GIT Cheat Sheet

July 2020

I recently started coding on two different computers, as my trusty Surface Book 2 has been joined by a Mac Mini. Among other advantages, this new setup has made me more disciplined about using GIT properly and consistently, so I can always have my code in sync between the two local environments.

The result of this newfound regimen is the following cheat-sheet.

Adding a Local Project to GIT

cd name-of-my-local-project-folder
git init
git remote add origin

Updating a Github Repo with Local Changes

git add .
git commit -m "Description of the commit"
git push origin master

Using Branches

git branch # See available branches, and which one we are on
git branch new-branch # Create a new branch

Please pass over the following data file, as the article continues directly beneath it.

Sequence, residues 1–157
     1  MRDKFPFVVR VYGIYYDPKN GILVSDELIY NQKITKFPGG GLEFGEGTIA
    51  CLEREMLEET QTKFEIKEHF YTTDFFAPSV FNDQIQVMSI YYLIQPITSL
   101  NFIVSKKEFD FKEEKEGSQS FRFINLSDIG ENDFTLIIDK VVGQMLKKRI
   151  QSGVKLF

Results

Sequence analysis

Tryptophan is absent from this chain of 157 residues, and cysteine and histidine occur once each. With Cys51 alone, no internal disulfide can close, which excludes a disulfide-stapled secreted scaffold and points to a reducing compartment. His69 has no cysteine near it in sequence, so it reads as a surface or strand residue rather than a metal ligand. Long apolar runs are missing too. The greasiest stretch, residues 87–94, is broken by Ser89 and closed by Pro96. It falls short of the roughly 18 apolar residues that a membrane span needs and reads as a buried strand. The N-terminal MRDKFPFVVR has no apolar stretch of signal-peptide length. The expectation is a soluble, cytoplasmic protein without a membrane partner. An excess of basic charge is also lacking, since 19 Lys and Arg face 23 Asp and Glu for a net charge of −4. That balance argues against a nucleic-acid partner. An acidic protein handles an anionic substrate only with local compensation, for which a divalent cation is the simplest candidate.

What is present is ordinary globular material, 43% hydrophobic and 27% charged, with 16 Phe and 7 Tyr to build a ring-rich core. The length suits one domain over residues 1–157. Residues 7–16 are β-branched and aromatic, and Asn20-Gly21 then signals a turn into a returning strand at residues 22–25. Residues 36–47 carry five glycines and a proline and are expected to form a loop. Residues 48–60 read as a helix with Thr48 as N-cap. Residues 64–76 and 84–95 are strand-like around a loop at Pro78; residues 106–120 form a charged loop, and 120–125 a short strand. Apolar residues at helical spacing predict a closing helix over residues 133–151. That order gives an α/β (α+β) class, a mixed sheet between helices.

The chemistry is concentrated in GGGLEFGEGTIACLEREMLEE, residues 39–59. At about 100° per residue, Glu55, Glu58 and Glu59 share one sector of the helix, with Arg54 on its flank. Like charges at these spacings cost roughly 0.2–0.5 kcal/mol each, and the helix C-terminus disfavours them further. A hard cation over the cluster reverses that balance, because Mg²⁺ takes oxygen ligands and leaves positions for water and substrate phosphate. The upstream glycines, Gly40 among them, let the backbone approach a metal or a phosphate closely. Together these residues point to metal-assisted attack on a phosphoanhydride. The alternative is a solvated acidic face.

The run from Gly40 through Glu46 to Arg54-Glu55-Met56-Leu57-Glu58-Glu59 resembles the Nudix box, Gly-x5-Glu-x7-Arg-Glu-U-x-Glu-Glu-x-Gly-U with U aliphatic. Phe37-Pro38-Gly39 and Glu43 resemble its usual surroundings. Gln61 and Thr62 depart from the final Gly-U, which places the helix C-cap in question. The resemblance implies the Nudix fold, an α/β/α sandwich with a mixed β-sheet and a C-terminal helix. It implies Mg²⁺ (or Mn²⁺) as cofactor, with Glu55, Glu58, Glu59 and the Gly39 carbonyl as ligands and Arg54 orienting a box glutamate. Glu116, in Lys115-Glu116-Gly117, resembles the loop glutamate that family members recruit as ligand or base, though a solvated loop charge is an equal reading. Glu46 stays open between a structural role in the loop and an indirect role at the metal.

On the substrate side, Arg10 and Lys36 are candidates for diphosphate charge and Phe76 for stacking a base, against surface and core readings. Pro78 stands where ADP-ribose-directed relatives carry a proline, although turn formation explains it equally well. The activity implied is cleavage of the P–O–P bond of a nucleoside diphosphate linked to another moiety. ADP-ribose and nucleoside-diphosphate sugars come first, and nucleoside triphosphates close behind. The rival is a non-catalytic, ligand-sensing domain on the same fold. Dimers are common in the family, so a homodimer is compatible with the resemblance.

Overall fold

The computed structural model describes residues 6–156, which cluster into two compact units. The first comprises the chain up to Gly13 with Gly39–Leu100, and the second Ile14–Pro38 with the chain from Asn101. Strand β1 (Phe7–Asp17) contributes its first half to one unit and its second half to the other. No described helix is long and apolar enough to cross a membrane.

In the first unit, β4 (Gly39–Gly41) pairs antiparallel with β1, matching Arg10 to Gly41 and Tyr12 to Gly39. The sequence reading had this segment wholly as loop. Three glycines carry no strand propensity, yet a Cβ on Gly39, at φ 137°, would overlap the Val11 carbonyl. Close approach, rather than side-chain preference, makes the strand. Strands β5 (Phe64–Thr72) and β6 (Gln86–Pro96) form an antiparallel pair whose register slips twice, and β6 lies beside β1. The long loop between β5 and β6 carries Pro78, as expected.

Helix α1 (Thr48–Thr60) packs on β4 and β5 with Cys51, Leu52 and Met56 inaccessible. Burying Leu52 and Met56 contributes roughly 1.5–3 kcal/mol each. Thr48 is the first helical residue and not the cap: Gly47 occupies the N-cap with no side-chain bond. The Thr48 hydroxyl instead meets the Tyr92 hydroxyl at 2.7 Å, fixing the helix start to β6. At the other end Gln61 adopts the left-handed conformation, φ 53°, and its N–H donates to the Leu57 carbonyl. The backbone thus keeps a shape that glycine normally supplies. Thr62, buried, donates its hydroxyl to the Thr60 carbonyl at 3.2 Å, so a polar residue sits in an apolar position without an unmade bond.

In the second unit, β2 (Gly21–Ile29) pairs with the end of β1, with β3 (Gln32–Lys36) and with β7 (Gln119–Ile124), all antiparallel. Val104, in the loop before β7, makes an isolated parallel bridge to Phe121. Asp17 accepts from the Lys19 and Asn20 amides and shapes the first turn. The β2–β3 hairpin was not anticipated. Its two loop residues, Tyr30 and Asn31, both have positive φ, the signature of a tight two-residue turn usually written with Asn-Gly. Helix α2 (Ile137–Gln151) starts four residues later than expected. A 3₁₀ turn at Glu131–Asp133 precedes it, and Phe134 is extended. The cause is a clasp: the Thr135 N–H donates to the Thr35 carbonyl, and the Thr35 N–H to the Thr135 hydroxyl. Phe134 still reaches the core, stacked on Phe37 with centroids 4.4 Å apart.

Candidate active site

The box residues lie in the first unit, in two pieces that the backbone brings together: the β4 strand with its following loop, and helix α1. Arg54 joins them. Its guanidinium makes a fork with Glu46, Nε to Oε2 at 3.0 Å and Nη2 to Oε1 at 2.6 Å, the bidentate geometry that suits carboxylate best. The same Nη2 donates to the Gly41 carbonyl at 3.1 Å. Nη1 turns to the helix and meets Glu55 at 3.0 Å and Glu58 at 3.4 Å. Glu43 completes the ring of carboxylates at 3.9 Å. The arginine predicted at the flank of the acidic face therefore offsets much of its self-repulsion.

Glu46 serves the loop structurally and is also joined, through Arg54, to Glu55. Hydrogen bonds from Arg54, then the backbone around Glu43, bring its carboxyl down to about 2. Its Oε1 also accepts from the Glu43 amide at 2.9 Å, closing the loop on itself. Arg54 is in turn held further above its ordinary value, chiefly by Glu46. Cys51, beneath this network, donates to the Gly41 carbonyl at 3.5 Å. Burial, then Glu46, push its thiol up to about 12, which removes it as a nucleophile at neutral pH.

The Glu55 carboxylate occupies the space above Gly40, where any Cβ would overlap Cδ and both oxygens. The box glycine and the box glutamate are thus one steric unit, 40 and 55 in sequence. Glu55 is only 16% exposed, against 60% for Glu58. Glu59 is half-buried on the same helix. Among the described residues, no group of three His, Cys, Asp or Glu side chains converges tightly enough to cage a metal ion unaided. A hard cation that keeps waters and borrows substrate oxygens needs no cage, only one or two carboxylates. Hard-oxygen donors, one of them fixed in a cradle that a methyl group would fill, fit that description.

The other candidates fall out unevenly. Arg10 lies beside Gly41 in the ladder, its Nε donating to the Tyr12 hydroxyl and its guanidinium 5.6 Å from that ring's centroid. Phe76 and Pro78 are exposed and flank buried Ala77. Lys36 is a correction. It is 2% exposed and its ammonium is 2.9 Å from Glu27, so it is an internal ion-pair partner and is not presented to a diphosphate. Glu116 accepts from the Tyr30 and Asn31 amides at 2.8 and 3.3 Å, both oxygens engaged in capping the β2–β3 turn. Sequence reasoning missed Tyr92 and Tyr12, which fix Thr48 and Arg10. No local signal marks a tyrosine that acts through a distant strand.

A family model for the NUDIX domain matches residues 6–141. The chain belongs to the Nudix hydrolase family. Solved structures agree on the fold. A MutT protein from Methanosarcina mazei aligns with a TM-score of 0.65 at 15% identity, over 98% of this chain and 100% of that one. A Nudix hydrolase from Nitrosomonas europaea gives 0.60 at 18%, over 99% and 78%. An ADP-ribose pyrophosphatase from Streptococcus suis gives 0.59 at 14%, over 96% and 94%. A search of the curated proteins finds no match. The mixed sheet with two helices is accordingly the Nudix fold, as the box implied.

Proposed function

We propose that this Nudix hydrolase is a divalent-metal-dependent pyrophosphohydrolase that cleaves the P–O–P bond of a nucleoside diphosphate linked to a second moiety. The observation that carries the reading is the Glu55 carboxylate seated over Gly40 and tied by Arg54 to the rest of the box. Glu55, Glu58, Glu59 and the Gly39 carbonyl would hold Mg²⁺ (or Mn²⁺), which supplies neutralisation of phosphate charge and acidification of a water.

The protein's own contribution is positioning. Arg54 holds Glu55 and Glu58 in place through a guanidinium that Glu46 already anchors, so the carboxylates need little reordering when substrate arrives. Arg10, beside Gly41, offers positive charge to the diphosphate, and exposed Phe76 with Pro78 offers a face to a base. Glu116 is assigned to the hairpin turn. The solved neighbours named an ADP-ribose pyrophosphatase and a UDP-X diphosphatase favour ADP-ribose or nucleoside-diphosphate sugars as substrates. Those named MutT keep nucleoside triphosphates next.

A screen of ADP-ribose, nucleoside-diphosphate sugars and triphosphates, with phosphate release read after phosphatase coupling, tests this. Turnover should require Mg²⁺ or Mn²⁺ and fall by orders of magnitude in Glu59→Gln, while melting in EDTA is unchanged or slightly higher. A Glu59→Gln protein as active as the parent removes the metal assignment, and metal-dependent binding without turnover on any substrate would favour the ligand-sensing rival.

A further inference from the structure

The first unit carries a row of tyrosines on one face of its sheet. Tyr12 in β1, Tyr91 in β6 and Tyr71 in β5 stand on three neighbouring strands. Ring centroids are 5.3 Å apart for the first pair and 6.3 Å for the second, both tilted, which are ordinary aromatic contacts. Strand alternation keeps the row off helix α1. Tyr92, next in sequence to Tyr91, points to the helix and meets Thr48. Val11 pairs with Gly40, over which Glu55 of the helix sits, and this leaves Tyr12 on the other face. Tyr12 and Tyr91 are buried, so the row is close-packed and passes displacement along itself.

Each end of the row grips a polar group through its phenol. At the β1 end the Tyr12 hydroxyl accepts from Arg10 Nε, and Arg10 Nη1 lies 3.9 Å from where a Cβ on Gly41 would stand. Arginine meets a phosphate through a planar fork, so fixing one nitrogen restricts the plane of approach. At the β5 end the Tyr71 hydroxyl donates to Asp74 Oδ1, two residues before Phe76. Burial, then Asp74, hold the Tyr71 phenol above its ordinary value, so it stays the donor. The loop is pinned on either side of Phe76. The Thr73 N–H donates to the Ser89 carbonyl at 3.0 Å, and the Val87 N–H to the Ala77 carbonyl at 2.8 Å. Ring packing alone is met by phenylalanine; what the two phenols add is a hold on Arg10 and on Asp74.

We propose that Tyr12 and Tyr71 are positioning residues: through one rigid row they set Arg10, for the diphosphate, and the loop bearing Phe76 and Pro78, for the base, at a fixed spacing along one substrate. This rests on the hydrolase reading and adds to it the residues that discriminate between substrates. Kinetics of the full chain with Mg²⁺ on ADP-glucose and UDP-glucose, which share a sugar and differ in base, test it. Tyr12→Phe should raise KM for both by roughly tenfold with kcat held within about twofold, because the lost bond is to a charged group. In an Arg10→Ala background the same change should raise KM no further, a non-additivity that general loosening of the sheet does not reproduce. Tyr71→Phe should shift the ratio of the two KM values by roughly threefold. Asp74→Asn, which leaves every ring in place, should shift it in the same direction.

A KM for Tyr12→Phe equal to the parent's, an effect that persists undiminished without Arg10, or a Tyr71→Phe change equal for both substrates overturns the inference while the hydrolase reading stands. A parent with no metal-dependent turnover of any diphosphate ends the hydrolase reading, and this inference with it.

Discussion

git checkout new-branch # Switch to new-branch
git add .
git commit -m "Description of the commit"
git push origin new-branch # Push new-branch to the remote repo

After that, there are two main ways to merge a branch into master.


git checkout master # Switch to the master branch
git merge new-branch # Merge new-branch into the current branch (in this case: master)
git push origin master

On the Github web site, where I usually pick "squash & merge" after opening a pull request. After that, either one of my machines can get the latest code with:

git pull origin master

I must admit that — after experiencing some early pain with merge conflicts during my Bootcamp — I spent a few months relishing the simplicity of only using master and having full control over it.

However, as the complexity and size of my projects grew, I now take full advantage of branches to clearly identify and manage feature sets. Yes, it makes sense even on individual projects without collaborators.

© 2023 Stefano Picker